Australian author AJ Betts, who speaks at the Bookworm Literary Festival on Tuesday (Mar 24) is the author of three young adult fiction novels: ShutterSpeed (2008), Wavelength (2010), and Zac and Mia (2013). Betts is also a teacher, public speaker, and avid cyclist. She’s currently working on her next novel set in the future in Tasmania. beijingkids Managing Editor Sijia Chen sits down with Betts to find out more.

Which books have made a deep impression on you? [As a kid], I read everything I could get my hands on, from Mr. Men books to the back of cereal boxes. The most influential [books] would be Heidi, Anne of Green Gables, and anything by Robin Klein and Roald Dahl.

What was the very first story you wrote? When I was 11, I wrote about two survivors of a shipwreck in an inflatable raft who were being chased by a shark. It was a comedy! In my teenage years, I either wrote silly comedies (about haunted houses and exploding cane toads) or dark thrillers.

Tell us about the origins of Zac and Mia. I’ve been working as a teacher on an adolescent cancer ward in Perth for seven years, but I never imagined I’d write about [this topic]. It was always too close and too real. But in early 2009, I was intrigued with the idea of being stuck in a room in isolation … with your mum! At the same time, one of my students asked me to write a love story, so I wondered if I could put the two ideas together. That’s where the first chapter came from, and from there my characters Zac and Mia were born.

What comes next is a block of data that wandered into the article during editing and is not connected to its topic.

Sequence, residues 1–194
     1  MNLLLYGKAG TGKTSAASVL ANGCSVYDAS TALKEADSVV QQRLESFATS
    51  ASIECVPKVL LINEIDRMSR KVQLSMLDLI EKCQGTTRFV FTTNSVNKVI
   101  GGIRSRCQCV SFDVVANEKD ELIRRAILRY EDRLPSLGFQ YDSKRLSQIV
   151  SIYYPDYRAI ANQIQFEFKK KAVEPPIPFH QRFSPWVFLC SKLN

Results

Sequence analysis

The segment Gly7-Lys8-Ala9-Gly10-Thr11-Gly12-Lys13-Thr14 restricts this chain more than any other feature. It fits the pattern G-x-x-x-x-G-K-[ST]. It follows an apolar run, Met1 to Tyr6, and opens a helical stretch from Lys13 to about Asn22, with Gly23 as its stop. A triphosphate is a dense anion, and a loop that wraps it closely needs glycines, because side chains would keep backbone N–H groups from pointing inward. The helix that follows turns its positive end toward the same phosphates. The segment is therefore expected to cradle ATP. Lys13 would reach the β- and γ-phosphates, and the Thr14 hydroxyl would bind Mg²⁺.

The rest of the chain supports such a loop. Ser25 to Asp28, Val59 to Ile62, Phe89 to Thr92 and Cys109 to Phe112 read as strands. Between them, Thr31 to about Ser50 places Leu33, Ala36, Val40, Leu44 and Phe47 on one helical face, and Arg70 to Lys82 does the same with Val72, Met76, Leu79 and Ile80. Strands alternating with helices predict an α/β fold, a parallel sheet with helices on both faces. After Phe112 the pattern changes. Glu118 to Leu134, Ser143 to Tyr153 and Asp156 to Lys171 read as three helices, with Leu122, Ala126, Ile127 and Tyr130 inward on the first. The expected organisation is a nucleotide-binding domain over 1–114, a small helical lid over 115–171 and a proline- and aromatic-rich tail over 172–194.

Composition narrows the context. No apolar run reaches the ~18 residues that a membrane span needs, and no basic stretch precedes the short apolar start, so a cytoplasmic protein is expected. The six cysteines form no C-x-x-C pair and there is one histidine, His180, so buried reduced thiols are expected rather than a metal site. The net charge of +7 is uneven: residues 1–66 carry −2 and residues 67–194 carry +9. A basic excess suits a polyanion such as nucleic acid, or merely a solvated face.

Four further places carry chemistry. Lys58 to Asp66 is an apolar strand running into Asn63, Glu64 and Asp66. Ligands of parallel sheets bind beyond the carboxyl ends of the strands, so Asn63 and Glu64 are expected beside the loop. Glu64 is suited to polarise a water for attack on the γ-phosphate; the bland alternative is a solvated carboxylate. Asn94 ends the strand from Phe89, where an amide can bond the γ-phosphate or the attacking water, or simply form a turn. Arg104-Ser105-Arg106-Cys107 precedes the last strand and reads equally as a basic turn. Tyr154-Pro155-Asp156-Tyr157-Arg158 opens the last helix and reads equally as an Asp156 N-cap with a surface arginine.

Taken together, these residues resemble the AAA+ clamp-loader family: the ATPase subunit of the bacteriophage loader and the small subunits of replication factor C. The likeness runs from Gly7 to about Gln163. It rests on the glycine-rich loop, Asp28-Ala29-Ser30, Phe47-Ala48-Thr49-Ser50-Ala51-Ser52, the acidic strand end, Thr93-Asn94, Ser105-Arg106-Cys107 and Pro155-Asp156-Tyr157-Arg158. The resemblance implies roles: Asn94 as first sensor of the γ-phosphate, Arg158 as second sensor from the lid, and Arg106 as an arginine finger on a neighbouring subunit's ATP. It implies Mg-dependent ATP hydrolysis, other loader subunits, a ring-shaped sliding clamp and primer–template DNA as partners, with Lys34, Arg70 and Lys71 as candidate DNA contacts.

What’s your favorite scene from the book? Was it also your favorite one to write? The first “knock, tap” scene at the end of Chapter One; it feels quite magical, as if a simple interaction can hold such promise. My favorite scenes to write are in the middle section, especially the scene with Mia in the bath (this makes me cry every time I read it) and the scene with Mia and Bec in the house. I can’t say any more!

You’ve spoken before about the process of inhabiting characters as you put them down on paper, like cranking up “angry” tunes or sitting quietly in tears while writing Mia’s scenes from Zac and Mia. Do you tend to do this with your characters or was Mia special? I do feel I have to experience the feelings of each of my characters before I can write from them. I need to imagine myself in their scenes the way an actor does onstage, which means I’m often using hand gestures and facial expressions as I write (I get some strange looks when I’m writing in cafes). I also read everything aloud, working through each line until it sounds or feels authentic. In Zac and Mia, Zac was a very easy character for me to inhabit. Mia was more challenging, as her behavior is more extreme and unpredictable. My next book involves a girl on a journey through the wilderness, so I recently spent three weeks hiking in Tasmanian forests. After a while, I could imagine the things she might find amusing or frightening and the things she would say.

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Photos: The Bookworm Literary Festival

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